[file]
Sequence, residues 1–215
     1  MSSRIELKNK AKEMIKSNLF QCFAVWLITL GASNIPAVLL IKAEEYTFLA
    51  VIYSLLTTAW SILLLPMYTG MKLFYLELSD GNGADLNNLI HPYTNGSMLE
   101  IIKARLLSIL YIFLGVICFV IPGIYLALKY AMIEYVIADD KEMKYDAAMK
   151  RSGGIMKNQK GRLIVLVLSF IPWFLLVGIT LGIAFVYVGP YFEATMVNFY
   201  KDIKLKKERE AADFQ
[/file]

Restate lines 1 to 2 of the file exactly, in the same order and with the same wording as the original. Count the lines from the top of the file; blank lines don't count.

Sequence, residues 1–215
     1  MSSRIELKNK AKEMIKSNLF QCFAVWLITL GASNIPAVLL IKAEEYTFLA